The NAACP National Board of Directors passed a resolution formally creating the Youth and College Division in March of 1936. This program provided national activities for youth that were supported by monthly meetings discussing local needs of the community. The major national youth activities were demonstrations against lynching and seminars and group discussions on the inequalities in public education. [From NAACP.org History, read more.]
The NAACP Youth Councils in Mississippi laid the groundwork for the success of the more visible Civil Rights Movement in the 1960s. Here is some background on the Mississippi History Now website. Reading books such as Local People or I’ve Got the Light of Freedom will also make it clear that the Civil Rights Movement could rightfully be called a youth movement.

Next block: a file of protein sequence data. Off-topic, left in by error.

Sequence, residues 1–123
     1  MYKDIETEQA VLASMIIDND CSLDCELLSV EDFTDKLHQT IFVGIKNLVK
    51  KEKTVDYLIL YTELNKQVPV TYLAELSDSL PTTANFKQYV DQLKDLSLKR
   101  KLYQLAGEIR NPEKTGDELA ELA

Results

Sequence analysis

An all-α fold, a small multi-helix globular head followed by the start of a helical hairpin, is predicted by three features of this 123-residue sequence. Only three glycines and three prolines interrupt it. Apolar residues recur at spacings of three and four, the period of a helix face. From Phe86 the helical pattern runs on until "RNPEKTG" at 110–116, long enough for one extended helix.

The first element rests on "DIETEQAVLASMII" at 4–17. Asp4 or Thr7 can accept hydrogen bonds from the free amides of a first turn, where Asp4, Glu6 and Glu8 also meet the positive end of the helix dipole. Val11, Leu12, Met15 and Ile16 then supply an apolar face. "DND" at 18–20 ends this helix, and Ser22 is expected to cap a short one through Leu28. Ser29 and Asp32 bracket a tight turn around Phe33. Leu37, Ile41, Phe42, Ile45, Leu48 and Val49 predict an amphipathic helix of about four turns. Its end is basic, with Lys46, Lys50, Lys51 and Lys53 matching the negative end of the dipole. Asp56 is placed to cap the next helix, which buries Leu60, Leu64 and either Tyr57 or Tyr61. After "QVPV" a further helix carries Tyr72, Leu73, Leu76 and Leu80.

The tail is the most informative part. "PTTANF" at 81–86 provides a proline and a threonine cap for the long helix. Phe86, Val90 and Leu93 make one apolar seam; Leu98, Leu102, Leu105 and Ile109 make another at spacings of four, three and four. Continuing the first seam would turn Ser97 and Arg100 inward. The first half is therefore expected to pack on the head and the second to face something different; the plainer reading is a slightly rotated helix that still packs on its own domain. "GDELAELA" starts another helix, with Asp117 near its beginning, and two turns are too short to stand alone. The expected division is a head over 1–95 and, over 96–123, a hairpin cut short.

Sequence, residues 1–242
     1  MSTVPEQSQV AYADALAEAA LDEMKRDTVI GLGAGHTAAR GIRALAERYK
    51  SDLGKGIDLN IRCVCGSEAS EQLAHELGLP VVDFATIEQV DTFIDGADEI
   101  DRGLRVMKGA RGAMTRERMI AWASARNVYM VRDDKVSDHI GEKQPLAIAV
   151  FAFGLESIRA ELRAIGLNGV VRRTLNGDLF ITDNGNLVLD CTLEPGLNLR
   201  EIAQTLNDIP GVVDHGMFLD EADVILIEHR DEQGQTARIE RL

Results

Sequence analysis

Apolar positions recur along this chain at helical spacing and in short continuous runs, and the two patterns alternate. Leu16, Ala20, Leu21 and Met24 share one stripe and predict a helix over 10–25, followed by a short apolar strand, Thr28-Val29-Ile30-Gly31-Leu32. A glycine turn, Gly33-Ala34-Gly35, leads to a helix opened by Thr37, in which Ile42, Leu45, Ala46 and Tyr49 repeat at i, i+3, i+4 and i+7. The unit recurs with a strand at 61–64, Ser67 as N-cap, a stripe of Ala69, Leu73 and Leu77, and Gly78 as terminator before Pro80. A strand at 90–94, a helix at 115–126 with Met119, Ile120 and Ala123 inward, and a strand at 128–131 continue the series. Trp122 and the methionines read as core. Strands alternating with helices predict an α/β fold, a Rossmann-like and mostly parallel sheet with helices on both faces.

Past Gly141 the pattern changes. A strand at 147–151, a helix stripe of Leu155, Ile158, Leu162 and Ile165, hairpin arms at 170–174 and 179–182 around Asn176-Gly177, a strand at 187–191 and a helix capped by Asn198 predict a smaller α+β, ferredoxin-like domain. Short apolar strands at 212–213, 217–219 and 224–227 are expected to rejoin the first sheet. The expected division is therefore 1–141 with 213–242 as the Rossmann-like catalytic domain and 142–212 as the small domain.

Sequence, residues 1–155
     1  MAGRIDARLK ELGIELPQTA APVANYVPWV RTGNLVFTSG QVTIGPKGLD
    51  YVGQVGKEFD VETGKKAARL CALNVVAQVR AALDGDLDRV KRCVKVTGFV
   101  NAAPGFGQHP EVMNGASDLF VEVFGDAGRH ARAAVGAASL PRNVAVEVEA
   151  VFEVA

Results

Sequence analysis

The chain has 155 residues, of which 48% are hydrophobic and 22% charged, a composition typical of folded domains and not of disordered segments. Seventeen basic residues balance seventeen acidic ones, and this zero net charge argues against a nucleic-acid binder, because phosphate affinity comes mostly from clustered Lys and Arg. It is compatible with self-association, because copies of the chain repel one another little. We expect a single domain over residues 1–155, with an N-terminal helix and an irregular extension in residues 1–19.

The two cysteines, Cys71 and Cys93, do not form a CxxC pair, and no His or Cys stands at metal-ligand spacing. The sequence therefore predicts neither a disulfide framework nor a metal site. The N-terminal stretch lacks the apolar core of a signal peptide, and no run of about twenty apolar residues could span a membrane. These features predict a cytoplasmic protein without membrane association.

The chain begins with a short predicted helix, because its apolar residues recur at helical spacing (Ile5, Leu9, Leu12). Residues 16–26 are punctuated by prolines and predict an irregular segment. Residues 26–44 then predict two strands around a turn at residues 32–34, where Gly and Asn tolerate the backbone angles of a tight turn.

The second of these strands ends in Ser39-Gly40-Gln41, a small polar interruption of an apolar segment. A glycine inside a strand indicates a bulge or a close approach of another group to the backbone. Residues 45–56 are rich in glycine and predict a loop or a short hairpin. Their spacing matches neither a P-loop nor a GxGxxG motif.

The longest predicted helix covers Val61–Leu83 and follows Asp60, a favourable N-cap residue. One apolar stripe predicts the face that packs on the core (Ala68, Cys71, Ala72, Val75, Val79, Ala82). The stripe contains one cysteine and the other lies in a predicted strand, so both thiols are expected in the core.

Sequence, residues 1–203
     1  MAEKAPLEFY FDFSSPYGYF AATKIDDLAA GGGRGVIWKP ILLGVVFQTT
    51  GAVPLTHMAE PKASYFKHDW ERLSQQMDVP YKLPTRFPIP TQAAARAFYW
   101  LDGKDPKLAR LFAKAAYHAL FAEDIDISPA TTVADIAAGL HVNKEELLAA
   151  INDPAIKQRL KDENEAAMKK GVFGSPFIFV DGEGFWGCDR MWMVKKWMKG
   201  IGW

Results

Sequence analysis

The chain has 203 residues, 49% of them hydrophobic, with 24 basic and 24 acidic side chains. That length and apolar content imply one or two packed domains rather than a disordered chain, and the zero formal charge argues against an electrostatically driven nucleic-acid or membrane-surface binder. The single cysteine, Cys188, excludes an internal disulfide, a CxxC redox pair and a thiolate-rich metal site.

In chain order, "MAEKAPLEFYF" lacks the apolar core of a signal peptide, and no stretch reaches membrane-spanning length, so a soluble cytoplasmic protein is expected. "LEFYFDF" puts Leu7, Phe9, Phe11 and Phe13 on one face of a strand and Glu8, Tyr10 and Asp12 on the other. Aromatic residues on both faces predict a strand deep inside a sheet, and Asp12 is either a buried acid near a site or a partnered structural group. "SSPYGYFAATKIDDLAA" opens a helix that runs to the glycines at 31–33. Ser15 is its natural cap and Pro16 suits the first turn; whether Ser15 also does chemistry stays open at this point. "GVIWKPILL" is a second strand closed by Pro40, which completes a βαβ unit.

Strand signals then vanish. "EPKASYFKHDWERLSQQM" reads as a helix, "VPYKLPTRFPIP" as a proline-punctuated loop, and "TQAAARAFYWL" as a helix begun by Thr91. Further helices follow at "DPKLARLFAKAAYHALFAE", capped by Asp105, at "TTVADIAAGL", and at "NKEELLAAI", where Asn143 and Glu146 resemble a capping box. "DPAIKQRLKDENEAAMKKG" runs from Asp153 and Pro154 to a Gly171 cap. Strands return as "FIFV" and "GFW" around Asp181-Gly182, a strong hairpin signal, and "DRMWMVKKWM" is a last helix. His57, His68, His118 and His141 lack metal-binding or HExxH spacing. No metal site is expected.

Here are some guiding questions for research:
- How central were the NAACP youth councils of the 1940s and ‘50s to the success of the Southern Freedom Movement in the 1960s?
- How did the strength and impact of the Youth Councils vary across the state, and why?
- In what ways did the age of the participants impact their effectiveness in civil rights work?